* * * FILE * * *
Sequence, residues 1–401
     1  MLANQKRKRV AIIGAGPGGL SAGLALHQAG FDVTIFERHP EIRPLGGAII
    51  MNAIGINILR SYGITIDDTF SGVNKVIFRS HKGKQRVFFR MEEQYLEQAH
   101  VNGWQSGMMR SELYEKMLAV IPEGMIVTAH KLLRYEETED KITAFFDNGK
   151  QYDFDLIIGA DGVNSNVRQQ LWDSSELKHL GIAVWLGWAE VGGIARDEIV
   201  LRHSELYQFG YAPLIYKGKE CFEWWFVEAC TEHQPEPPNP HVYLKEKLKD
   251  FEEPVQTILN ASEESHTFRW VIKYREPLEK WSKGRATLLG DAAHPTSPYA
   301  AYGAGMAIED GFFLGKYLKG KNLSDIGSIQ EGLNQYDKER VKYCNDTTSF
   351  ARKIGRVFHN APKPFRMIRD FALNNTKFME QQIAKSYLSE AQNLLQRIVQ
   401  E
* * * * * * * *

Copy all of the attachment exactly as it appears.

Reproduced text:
Sequence, residues 1–401
     1  MLANQKRKRV AIIGAGPGGL SAGLALHQAG FDVTIFERHP EIRPLGGAII
    51  MNAIGINILR SYGITIDDTF SGVNKVIFRS HKGKQRVFFR MEEQYLEQAH
   101  VNGWQSGMMR SELYEKMLAV IPEGMIVTAH KLLRYEETED KITAFFDNGK
   151  QYDFDLIIGA DGVNSNVRQQ LWDSSELKHL GIAVWLGWAE VGGIARDEIV
   201  LRHSELYQFG YAPLIYKGKE CFEWWFVEAC TEHQPEPPNP HVYLKEKLKD
   251  FEEPVQTILN ASEESHTFRW VIKYREPLEK WSKGRATLLG DAAHPTSPYA
   301  AYGAGMAIED GFFLGKYLKG KNLSDIGSIQ EGLNQYDKER VKYCNDTTSF
   351  ARKIGRVFHN APKPFRMIRD FALNNTKFME QQIAKSYLSE AQNLLQRIVQ
   401  E